puts that all into perspective. let's take a look at it right now. florida, clinton up 5 percentage points right now. in north carolina, clinton up 9%. in virginia, clinton up 13. and in colorado, clinton up 14. let's bring in our panel now. steve hayes, senior writer for "the weekly standard," fox news media analyst and host of fox's media buzz, howard kurtz, and syndicated columnist, charles krauthammer. charles, still a lot can happen. we are 90 days out. unpredictable things, we don't know. >> let's remember, this is about the worst two or three weeks trump has had of any candidate we've seen recently. so this is the trough, i think. it's also what's left of the bounce that hillary got, from a successful convention. also, the disappearance of her main challenger, bernie sanders. so you've got a consolidation on their part. but, given the fact that we have had a crazy year, and a totally unpredictable candidate, i
wouldn't predict anything right now. but i would point out the great irony. trump's strategy has been to flood the media, the free media. and that works extremely well, when you're running in a primary against 16 other people. he got more than a half of the coverage compared to all the others. and he emerged as the winner. but it works precisely the opposite way, when you're in a two-way race, with the two most unpopular candidates in recent history. that's where the less you're on the air, the less you're the story, the more advantageous. hillary has been hiding in a cave somewhere, and as a result, it's all about trump, and he's been -- when you're on that much, when you do that many interviews, when you do that many routings, you're going to make mistakes, and that's what's been hurting him. >> david? >> trump's lost the entire rationale for his candidacy in the in the first place, which was, i'm a winner. now he can't point to most states. there are republican states like georgia and utah, which now look close. so he can't point to anywhere.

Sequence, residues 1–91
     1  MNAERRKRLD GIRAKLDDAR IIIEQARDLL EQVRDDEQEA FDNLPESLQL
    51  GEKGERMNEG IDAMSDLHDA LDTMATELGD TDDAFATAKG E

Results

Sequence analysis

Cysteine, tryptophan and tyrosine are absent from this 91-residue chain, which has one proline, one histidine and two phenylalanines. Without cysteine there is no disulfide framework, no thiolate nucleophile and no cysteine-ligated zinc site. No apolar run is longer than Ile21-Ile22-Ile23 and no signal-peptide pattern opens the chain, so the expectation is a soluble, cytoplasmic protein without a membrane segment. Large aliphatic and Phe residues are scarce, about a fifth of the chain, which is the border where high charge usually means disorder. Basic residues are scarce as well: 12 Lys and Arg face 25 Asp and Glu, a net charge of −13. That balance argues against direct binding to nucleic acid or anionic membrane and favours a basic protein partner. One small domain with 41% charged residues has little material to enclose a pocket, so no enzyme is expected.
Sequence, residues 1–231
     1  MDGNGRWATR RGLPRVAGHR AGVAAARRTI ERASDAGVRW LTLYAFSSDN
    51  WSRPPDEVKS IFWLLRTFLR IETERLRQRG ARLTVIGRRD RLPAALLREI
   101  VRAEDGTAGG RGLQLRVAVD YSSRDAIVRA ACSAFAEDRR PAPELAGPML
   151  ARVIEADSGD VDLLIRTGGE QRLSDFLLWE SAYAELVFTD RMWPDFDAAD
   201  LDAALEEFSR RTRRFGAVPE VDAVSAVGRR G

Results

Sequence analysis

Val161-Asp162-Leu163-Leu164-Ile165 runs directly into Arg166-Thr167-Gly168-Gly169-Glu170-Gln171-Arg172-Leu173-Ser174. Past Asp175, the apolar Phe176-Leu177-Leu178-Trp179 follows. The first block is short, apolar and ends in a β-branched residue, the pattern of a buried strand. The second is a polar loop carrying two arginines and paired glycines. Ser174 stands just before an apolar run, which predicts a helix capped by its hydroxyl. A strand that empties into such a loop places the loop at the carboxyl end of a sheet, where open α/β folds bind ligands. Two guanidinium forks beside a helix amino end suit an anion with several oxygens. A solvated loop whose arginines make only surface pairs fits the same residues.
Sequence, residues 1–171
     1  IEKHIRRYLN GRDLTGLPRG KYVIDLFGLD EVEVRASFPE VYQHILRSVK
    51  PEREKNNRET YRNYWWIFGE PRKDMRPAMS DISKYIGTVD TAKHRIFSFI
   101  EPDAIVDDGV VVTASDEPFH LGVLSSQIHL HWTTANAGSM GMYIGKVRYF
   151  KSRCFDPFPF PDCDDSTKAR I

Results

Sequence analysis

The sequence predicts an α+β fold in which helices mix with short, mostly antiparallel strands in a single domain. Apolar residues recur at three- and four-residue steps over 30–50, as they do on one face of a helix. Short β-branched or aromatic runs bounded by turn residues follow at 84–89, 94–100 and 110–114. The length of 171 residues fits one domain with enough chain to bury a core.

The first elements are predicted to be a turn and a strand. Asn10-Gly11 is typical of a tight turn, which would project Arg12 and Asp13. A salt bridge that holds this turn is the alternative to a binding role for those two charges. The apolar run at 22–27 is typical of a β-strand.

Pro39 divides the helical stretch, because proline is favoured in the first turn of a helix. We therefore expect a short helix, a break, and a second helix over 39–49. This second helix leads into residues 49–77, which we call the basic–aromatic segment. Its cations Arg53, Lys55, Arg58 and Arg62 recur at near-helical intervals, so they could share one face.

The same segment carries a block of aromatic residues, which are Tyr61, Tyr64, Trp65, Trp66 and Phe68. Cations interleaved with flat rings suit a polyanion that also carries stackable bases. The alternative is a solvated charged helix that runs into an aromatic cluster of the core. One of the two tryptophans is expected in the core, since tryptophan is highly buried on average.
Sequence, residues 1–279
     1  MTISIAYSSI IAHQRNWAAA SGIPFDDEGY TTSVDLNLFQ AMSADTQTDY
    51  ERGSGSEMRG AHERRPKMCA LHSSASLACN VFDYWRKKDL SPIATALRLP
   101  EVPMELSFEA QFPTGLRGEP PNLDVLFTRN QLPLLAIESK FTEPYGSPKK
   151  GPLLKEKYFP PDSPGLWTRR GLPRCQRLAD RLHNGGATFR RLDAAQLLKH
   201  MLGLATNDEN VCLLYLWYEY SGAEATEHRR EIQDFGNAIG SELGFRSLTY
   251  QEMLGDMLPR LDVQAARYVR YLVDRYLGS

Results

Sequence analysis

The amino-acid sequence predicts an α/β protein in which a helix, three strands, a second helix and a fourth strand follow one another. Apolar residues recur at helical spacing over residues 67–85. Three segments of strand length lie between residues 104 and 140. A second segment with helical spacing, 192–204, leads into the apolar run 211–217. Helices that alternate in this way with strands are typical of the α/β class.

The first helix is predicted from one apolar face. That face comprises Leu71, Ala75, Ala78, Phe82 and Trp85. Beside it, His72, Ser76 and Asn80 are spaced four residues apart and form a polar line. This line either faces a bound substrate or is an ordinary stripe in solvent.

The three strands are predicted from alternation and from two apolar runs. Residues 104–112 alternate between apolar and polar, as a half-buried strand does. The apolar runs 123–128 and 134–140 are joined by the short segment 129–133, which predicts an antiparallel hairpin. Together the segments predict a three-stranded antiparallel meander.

and these polls today are just disastrous. i talked to a lot of republican strategists this week, who say, from the outside, not on the inside, they say, put him in a rally, diet, put him in small groups with opinion leaders, put him in the quantas club in ohio put him in the home builder's association in north carolina and put validators out there so he can be taken seriously, so people think he has the right temperament, so people think he still cares about issues, and this isn't only some egomania thing he's doing here. he's now suggesting openly, it's okay if i lose. i can go back and have a vacation. that should worry republicans down the board and across the ballot that have to run with him. >> and also, the imprecision of donald trump's language, which can be interpreted in so many ways by so many different people. we saw a classic example of this with a conflict over isis and the founder of isis.
let's take a look at a little montage of interpretations of this. >> isis is honoring president obama. he is the founder of isis. >> i know what you meant. you meant that he created the vacuum, he lost the peace -- >> no, i meant he's the founder of isis, i do. >> i said, the founder of isis! obviously, i'm being sarcastic. then, then -- but not that sarcastic, to be honest with you. >> it kind of reminds me of the old freudian rorschach inkblot test where somebody looks at it and says that's a puppy dog and another person says, that's a pit bull with rabies. >> you've got to track twitter's feed every hour, i'm only being a little sarcastic there, was not that sarcastic. right now charles is right, he's getting most of the coverage. he's doing far few interviews, but getting most of the coverage, a lot of it hostile. republican party starting to
panic. many of the congressional candidates want to save their own skin. they didn't like him in the first place, he ran against the establishment. they're discounting the possibility in my view that he could bounce back. but this picture of disarray is starting to overshadow trump's message. >> steve? >> i think charles is right, this has been the worst two or three weeks of any candidate, really in recent memory. but looking forward, you have to ask yourself, what is it that trump has that allows him to recover? i mean, it's certainly not message discipline. you look at the other things that have traditionally mattered. and trump has shown us that not all these things will matter. you look at demographics, a huge advantage to hillary clinton, money, a huge advantage to hillary clinton, organization, get out the foot operations. she has one, a sophisticated one that she inherited largely from barack obama. he has virtually nothing and has really acted with contempt when asked why he should have one. and finally, i think, is the media. you know, charles is right, that it was 16-1 and trump was able to dominate the debate when he was competing against 16 rivals.